Since the last FOMC Statement on June 15th, we have witnessed the biggest combined stock-bond rally in more than two decades - Stocks and bonds have soared in the last month, the dollar rallied, but gold has been clubbed like a baby seal...
As Bloomberg notes, fixed-income and equity bulls are likely expecting that Fed Chair Powell’s hawkish mission will be tempered by signs inflation has peaked as an economic downturn nears - a wager not without significant risk.
“The market has shifted to bad-news-is-good-news again, the whole idea that central banks will pivot because the data is so bad,” Goldman Sachs Group Inc. strategist Christian Mueller-Glissmann said in an interview on Bloomberg TV.
“We’re going back to a template that we know well.”
On the other side, wagering on a friendly Fed is too premature a bet for Ajay Rajadhyaksha, a strategist at Barclays Plc. The way he sees it, policy officials would try to avoid the mistake they made in April. That month, central bankers talked down the size of rate hikes that would be ultimately needed, prompting bond traders to question the Fed’s commitment to its inflation target. Treasury yields spiked, spurring losses across assets. The S&P 500 dropped almost 9% for the worst month since the pandemic crash.
“The Fed has seen what happens when it prematurely declares victory over inflation and is unlikely to repeat that mistake,” said Rajadhyaksha.
“Stocks and bonds are both hoping that the Fed will pivot away from its commitment to overtightening. It’s a hope that is likely to be dashed this week.”
Interestingly, full-cycle rate-hike expectations have actually slipped dovishly (although they spiked pre-FOMC on the WSJ leak), and subsequent rate-cut expectations have soared (to almost 5 rate-cuts now)...
The odds of a 100bps hike today have crashed in the last two weeks and the odds of a 75bps hike in September have also tumbled. Dec 2022 now has a mere 50% chance of a 25bps hike priced in...
The market is now dramatically more dovish than The Fed's latest dotplot...
Seen more simply, the market has pulled the peak Terminal Rate higher and sooner and the subsequent rate-cut trajectory dramatically more aggressive since the last FOMC statement...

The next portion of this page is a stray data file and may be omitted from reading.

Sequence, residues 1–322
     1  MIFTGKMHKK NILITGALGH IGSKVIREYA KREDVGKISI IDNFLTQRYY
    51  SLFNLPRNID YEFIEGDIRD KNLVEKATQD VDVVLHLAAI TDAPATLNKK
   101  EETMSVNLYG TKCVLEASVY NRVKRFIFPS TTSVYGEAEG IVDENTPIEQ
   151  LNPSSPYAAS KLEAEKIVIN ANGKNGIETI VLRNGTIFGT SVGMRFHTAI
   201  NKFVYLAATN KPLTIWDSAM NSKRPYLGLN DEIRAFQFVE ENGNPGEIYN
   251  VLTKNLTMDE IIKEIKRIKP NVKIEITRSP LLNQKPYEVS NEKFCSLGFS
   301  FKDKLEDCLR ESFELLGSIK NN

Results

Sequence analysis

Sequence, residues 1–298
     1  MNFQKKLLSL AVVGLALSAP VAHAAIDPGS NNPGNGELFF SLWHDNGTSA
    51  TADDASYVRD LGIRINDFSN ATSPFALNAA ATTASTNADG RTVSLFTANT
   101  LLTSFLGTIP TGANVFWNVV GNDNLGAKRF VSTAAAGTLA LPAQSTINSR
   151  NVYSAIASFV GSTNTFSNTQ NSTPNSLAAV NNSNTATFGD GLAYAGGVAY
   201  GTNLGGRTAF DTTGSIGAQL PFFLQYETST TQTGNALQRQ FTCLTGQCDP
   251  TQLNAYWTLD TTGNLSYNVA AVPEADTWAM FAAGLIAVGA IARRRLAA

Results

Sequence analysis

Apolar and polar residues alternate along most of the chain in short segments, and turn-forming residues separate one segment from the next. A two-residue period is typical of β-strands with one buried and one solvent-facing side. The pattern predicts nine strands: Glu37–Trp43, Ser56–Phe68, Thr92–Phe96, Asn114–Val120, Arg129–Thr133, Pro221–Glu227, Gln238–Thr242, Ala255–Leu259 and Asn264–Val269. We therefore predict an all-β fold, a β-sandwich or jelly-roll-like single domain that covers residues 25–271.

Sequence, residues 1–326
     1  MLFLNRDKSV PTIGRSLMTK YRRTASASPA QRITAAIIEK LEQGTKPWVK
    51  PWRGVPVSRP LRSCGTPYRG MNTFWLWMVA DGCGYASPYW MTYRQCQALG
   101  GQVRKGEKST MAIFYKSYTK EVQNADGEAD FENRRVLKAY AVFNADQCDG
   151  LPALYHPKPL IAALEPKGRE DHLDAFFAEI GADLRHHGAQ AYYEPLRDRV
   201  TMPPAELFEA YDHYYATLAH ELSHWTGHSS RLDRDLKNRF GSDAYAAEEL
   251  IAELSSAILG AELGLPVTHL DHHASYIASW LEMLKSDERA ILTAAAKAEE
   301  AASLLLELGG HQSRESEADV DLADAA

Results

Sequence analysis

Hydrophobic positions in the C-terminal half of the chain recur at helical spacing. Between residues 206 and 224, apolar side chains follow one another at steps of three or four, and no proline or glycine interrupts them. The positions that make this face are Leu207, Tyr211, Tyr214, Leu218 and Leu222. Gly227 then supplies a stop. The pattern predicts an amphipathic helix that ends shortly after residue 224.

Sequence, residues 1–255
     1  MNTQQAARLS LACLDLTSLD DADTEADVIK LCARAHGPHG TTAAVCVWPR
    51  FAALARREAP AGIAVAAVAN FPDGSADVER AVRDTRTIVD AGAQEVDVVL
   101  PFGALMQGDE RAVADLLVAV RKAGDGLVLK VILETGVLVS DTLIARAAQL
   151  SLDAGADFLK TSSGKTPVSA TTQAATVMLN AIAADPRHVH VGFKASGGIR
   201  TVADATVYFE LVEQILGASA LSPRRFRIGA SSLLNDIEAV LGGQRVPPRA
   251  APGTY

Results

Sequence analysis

The bottom line is that the market has dragged forward The Fed Pivot - the question is, will Powell push back against that, or not?
“What appears to be missing is a ‘green light’ that would allow macro investors to go all in on these trades,” according to Viraj Patel, a strategist at Vanda Research.
“One common missing ingredient is a clear dovish Fed pivot - which could come as early as this week if US policy makers acknowledge the global growth concerns starting to dominate markets.”
So - what exactly did The Fed do...
The Fed unanimously hiked rates by 75 basis points to a range of 2.25%-2.5%, in line with expectations.
FOMC acknowledges that “spending and production have softened,” yet also affirms that “job gains have been robust in recent months.”
Russia’s war in Ukraine is adding “upward pressure” on inflation as well as weighing on economic activity, the Fed says.
The FOMC repeats that it’s “highly attentive to inflation risks.”
We can't help but read the line focus on Russia driving inflation as a pathetic nod to the Biden administration and pure ignorance of the fact that inflation was exploding higher long before Putin's moves...
A quick reaction from Neil Dutta at Renaissance Macro Research:
“All I learned from the statement: The Fed marked down its growth assessment and still ended up going as much as it did in June.”
The statement offers no clues about what the Fed will do at its September meeting: traders will be looking to Chair Powell s remarks for a guide here.
Read the full Redline below: